November 11, 2009
Congress and President Bush have ordered the Department of Homeland Security to report on steps for general aviation access to the DC-3 airports (College Park Airport, Washington Executive/Hyde Field, and Potomac Airport) and Reagan National to general aviation traffic. AOPA has continually emphasized the need for improving access to the three GA airports ever since the September 11 attacks. All three are located within the 15 nm no-fly zone around the nation's capital.
"While efforts to let corporate aviation back into Reagan National may often have grabbed the headlines, AOPA has never forgotten and never stopped fighting for the DC-3," said AOPA President Phil Boyer. "Nor have we forgotten the rest of the pilots in the Mid-Atlantic region who must cope with the Baltimore-Washington ADIZ (air defense identification zone), a security measure that in our opinion has long outlived its usefulness. We continue to push to have it rescinded.
"Between the ADIZ, the no-fly zone, and the security requirements imposed on pilots, the DC-3 airports have been crippled, threatening their very survival."
The report is required as part of the Homeland Security Appropriations Act, signed into law this week by President Bush. It requires the agencies to "report to the House and Senate Committees on Appropriations by March 1, 2005, on restoring access to Ronald Reagan Washington National Airport (DCA) and other general aviation airports within 15 miles of DCA for security-qualified charter and general aviation operators."
"Just having the report ordered to study the DC-3 as well as Reagan National is helpful," said Boyer, "but only one step. Right now, only pilots based at the airports who've been through security background checks can use them. Unless the report's findings open up these three airports - the airports of choice for GA pilots visiting or doing business in the nation's capital - to outside aircraft, then the DC-3, which includes the nation's very first airport, established by the Wright brothers themselves, are still at risk of closing forever.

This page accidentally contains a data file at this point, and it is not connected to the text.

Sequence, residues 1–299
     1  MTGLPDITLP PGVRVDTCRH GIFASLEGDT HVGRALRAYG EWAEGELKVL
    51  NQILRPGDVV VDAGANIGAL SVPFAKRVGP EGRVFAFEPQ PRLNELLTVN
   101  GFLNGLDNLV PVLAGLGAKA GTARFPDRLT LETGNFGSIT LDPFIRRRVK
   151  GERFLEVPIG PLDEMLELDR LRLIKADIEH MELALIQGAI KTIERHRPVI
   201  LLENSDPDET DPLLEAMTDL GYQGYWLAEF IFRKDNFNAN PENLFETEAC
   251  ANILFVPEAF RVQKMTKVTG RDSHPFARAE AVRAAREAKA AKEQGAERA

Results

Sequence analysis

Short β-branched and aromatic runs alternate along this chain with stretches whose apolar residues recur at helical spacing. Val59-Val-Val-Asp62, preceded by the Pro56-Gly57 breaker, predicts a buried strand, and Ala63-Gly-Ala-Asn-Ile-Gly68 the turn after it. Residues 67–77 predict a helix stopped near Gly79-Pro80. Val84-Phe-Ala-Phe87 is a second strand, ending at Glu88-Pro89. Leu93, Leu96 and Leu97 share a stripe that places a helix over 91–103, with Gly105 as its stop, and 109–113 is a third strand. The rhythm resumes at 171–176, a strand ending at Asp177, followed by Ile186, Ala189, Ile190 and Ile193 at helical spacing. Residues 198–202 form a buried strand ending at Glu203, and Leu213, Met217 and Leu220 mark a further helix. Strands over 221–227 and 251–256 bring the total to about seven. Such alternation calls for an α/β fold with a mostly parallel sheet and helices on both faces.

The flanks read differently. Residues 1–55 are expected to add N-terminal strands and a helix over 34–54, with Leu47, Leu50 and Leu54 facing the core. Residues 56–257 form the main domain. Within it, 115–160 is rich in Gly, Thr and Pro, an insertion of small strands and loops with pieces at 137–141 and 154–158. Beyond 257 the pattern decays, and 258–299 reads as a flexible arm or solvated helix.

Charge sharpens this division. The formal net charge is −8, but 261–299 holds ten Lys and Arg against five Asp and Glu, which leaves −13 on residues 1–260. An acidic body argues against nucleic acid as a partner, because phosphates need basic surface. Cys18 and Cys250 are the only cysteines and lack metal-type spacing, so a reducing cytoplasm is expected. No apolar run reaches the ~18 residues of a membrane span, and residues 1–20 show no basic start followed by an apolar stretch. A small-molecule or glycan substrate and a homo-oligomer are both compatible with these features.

"AOPA is not done with this fight. The DC-3 are important airports for the Mid-Atlantic region and the nation," Boyer concluded. "Pilots deserve access to all airports in the National Airspace System."
October 20, 2004
As the cold weather chills AOPA’s Headquarters in Frederick, many of us are inside generating new resources for flying clubs.
In my house, every Friday night is “Movie Night.” While the movies are rarely educational (I don’t think I learned anything from the Lego Movie), we look forward to the weekly opportunity to spend time together. Why not use the same concept for your Flying Club (with the addition of education, of course)?
AOPA Flying Club Manager Kelby Ferwerda posted the following on the AOPA Flying Club Facebook Page: “Recently I’ve talked with quite a few Flying Clubs about maintaining social activity through the cold winter months. Some clubs host Holliday Parties, others have Potluck Movie Nights. What does your club do to keep members involved during the chilly months?”
VOLUNTEER AT AN AOPA FLY-IN NEAR YOU!
SHARE YOUR PASSION. VOLUNTEER AT AN AOPA FLY-IN. CLICK TO LEARN MORE >>>
VOLUNTEER LOCALLY AT AOPA FLY-IN! CLICK TO LEARN MORE >>>
BE A PART OF THE FLY-IN VOLUNTEER CREW! CLICK TO LEARN MORE >>>